Mar 08, 2022
Barnes & Noble has added a page on its website and small sections to some stores featuring “Banned And Challenged Books,” or books that have faced censorship.
On its banned books page, Barnes & Noble noted that “Maus,” a Pulitzer Prize-winning graphic novel about the Holocaust, as well as world-wide bestsellers like Margaret Atwood’s “The Handmaid’s Tale” and the “Harry Potter” series, have recently been challenged and restricted.
The retailer explains that literary works are usually banned on “moral, religious or political grounds.”
“They were believed to be obscene or too controversial to be read by society,” Barnes & Noble explained. “Books that explore race, sexuality and new concepts and ideas are still often prohibited by certain communities, although they can easily be purchased in most bookstores.”
Disputes over removing books from school libraries and curriculum have a long history in the US Calls for book bans from state elected officials or parents have emerged in recent years, driven by conservatives and often tied to themes around the nation’s racial history and gender identity.
Barnes & Noble’s banned book list features many of these books, including “The 1619 Project” by Nikole Hannah-Jones, along with recently banned books as a result of complaints from liberal voices, including “Hop on Pop” by Dr. Seuss and Mark Twain’s “The Adventures of Huckleberry Finn”.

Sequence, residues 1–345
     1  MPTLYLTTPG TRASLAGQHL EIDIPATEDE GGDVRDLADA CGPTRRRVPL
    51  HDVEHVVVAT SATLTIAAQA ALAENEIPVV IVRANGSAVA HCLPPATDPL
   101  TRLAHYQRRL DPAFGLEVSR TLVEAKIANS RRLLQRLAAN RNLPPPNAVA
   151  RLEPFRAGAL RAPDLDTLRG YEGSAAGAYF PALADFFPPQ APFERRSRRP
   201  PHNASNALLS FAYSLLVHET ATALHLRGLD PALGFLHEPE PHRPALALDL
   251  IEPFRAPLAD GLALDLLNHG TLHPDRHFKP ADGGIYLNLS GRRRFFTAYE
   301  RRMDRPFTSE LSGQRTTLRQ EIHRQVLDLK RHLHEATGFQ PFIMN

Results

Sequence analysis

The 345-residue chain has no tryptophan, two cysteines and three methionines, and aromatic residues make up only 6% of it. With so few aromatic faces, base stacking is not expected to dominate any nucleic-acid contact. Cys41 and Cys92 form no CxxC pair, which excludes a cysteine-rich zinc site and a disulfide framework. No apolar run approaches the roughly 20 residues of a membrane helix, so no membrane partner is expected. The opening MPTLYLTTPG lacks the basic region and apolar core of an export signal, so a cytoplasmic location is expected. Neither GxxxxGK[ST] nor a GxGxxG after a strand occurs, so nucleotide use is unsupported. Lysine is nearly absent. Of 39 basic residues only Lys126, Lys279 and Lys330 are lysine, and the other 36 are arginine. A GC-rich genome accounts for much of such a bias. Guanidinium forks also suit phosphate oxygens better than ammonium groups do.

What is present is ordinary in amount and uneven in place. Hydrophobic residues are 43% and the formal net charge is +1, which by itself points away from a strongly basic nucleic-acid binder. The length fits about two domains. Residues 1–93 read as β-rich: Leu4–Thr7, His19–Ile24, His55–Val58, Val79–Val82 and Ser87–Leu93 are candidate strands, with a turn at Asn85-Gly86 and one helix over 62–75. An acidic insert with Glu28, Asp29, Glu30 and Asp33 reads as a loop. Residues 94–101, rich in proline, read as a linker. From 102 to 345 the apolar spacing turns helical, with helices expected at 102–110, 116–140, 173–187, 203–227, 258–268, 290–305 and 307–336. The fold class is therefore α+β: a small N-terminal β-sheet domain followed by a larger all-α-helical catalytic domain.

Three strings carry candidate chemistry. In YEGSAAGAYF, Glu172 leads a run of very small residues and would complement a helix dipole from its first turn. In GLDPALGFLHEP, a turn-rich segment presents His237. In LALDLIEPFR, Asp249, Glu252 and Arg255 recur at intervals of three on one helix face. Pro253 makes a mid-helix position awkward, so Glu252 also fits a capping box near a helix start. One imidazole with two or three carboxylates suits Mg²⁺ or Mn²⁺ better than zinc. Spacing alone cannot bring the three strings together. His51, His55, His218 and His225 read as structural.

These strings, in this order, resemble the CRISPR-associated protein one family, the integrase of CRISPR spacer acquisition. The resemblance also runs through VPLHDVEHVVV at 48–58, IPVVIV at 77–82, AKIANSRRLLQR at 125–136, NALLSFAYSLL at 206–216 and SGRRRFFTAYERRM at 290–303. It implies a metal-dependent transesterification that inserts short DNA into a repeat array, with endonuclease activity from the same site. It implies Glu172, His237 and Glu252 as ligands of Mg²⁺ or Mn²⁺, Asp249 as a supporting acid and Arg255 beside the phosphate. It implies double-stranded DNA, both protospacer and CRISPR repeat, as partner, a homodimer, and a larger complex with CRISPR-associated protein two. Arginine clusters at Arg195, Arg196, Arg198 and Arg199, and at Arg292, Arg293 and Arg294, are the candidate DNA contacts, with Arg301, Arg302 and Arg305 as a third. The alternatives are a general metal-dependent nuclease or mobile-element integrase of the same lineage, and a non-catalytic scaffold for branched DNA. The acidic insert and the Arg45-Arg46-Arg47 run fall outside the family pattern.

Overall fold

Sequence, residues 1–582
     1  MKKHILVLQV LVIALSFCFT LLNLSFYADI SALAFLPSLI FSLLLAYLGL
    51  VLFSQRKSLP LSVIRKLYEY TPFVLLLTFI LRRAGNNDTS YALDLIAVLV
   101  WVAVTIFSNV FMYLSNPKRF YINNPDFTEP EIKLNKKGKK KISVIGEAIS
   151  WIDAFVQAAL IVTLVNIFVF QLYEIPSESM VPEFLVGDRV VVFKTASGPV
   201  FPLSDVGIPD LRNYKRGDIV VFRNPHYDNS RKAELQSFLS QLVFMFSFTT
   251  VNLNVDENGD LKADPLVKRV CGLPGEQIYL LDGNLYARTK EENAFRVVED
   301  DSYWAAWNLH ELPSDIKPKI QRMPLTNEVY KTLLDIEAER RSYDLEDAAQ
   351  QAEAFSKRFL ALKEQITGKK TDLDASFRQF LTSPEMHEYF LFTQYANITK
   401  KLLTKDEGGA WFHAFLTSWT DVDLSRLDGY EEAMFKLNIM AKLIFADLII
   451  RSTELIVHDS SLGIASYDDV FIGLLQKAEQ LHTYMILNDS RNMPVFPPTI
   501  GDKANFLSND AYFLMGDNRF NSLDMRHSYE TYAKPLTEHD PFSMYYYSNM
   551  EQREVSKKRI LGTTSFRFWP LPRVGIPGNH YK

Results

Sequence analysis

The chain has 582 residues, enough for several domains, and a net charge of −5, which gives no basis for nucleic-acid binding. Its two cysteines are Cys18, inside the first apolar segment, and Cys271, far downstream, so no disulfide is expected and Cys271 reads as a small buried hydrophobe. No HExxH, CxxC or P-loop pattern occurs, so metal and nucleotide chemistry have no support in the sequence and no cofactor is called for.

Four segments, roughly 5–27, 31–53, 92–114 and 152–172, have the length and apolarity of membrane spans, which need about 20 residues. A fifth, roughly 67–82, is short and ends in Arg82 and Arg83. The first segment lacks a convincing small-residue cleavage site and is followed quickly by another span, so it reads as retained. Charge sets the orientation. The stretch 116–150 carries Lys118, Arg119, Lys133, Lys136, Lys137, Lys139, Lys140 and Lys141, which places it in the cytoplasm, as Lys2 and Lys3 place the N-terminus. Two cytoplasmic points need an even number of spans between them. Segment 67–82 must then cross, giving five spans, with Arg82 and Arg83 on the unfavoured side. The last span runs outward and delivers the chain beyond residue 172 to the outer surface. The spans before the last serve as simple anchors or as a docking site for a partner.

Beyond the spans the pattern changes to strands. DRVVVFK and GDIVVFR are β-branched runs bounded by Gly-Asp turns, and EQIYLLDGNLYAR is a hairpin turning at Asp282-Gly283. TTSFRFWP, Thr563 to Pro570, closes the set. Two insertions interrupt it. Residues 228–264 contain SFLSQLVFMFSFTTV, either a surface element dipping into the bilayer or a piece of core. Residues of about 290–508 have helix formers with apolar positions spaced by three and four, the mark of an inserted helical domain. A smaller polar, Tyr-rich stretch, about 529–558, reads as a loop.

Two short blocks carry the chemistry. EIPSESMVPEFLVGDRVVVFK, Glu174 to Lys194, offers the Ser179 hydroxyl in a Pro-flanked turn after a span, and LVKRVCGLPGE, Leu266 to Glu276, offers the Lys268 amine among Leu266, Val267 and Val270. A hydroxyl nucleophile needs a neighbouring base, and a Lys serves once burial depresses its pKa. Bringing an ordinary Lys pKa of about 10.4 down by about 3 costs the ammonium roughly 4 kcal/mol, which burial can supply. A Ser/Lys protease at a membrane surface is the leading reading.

The nearly 200 books featured also include classics, such as “1984” by George Orwell, “To Kill a Mockingbird” by Harper Lee and “Fahrenheit 451” by Ray Bradbury.
The site includes a number of articles, including ones titled, “7 Banned Books That Should Be Required Reading” and “11 Books That Were Banned for Completely Ridiculous Reasons,” that offer insights behind the censorship.
Holly Noble, a manager at the Barnes & Noble in Erie, PA, said her store’s banned book tables have been well received.
“We have all walks of life in our country, and we have all walks of life in our store,” she told YourErie.com. “This starts conversations as to why things have been banned in the past, and it gets people thinking about why these books are being banned now.”
DISCUSSION QUESTIONS: What do you think of Barnes & Noble’s move to market and merchandise books that are facing or have faced censorship? Do you see the appeal offsetting any political backlash?
“As a society, we simply must resist this renewed urge to ban anything that challenges our worldview.”